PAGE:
Micro-CT Scans Allow Researchers to Study Live Insects in 3D

By Kayla Matthews August 07, 2017

The things we don’t know about the natural world could fill textbooks. That’s why excitement is the most appropriate response when we discover new ways to study life and its complexities. Magnetic resonance images (MRIs), X-rays and computed tomography (CT) scans already have well-known uses which regularly change lives, but recent developments will see them be put to use in new ways — in both the human and insect kingdoms.

Insects have traditionally posed a number of difficult challenges for scientists and researchers, but the march of technology has given us a way to see them in a whole new light.

Why Did We Need a New Method?

Human beings may take for granted that we can sit relatively still and quiet when treatment requires us to submit to an X-ray, MRI or CT scan. Insects, on the other hand, are both tiny and fidgety. The radiation required to capture their likenesses in CT scans is harmful to them, and they simply can’t sit still long enough to produce a clear image.

As a result, performing this type of study on live insects has, heretofore, been virtually impossible — the harsh mistress of scientific achievement has always led to the untimely death of the specimen. However, a new method offers a novel approach. Think about what it could mean to capture an image of a living being this small, rather than using and then discarding a dead specimen, which is no longer in a state of active biological development.

Doesn’t that Sound Exciting?

It might sound callous, but researchers can now successfully and temporarily immobilize live insects by applying carbon dioxide to simulate the effect of hypoxia — a lack of oxygen — on the body. For up to seven hours, scientists can now use this technique to perform scans on live subjects. The subject experiences no lingering ill effects from this seemingly rough treatment.

Once the subjects have been prepared, the imaging process can continue apace.

An Insect’s-Eye View

Mini-computed tomography (mini-CT) scans have always required a delicate balance, radiation-wise. The more radiation that gets applied during imaging, the clearer and more useful the resulting image will be. Unfortunately, the radiation used in CT scans is inherently harmful to living cells, meaning scientists have always had to study the resilience of a subject before applying radiation for imaging purposes.

Performing micro-CT scans on insects was no different for Dr. Danny Poinapen and Ph.D. candidate Joanna Konopka, whose study recently appeared in BMC Zoology. They had to devise an optimal scanning process to minimize the radiation dose and image noise without causing irreparable harm to the subject. After working at it, they reached a dosage level 80 times lower than what is typically used for sterilization procedures. The insects can go about their business relatively quickly after these scans are complete, meaning they suffer no impairment of their normal body functions.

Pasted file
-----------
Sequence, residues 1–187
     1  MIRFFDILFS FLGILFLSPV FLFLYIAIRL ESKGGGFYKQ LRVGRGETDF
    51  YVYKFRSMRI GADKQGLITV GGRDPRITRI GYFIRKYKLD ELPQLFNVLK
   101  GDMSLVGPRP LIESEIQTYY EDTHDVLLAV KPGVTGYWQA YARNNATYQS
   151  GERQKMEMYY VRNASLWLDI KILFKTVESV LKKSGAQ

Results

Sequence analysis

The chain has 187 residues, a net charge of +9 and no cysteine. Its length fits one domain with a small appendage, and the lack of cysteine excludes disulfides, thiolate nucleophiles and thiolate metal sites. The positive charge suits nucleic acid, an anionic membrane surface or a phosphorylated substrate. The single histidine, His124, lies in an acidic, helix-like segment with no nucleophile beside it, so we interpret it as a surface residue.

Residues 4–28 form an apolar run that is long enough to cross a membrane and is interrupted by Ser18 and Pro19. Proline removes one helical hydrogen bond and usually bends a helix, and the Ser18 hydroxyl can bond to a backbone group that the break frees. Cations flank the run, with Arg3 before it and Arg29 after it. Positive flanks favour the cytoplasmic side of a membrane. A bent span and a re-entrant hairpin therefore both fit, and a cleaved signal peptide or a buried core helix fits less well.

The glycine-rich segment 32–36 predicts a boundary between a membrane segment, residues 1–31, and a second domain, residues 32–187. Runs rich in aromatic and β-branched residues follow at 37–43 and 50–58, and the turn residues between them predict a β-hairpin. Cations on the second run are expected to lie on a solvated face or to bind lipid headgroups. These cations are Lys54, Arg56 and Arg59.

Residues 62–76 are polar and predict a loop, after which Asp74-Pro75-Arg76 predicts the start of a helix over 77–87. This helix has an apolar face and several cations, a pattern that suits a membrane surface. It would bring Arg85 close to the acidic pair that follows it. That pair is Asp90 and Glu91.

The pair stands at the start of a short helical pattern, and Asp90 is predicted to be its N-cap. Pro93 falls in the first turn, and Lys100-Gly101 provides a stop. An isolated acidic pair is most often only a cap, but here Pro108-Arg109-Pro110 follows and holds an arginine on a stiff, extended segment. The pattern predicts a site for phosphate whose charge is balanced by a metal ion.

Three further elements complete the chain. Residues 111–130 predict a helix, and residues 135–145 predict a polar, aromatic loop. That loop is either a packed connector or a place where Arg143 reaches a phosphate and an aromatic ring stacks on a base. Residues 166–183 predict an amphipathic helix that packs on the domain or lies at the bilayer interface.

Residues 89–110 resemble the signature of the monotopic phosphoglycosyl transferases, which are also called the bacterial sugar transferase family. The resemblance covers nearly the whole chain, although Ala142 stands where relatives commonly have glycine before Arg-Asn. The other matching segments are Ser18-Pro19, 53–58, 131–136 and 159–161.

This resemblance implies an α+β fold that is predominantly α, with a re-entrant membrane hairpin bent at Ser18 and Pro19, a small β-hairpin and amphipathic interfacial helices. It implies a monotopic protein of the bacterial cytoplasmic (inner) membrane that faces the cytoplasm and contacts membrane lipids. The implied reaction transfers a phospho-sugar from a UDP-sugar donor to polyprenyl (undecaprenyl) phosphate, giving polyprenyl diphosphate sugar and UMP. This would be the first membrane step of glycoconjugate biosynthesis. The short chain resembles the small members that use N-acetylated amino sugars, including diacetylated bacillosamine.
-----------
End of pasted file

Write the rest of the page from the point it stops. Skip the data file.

After joining this sedation technique with mini-CT technology, the results have been fascinating.

It was already known that micro-CT scanning produces images up to 100 times more detailed than previous-generation methods, but this level of detail meant nothing when test subjects were impossible to image clearly.

Using 3D CT scanning equipment, scientists have even used the methods described above to successfully test for previously unknown and undocumented life stages in insects — something we couldn’t have done with previous-generation imaging technology. Thanks to powerful images captured at resolutions as high as 20 micrometers, we’re literally seeing life unfold in brand-new ways.

Applications

If the idea of observing the natural world in a new way doesn’t get you excited, here are some additional reasons why this new imaging technique is a reason to celebrate.

Because this type of imaging is compatible with existing standards, and because it’s so readily applicable to the study of how life changes over time, its creators anticipate it being put to use in parasitology quite soon — a study which touches on both human medicine and the study of the insect world, or entomology. And because it requires no significant retrofit to existing technology, scientists everywhere can start putting it to use right away.

It’s a great achievement — and one we hope to talk about again soon as its implications begin to unfold.



Contributing Writer

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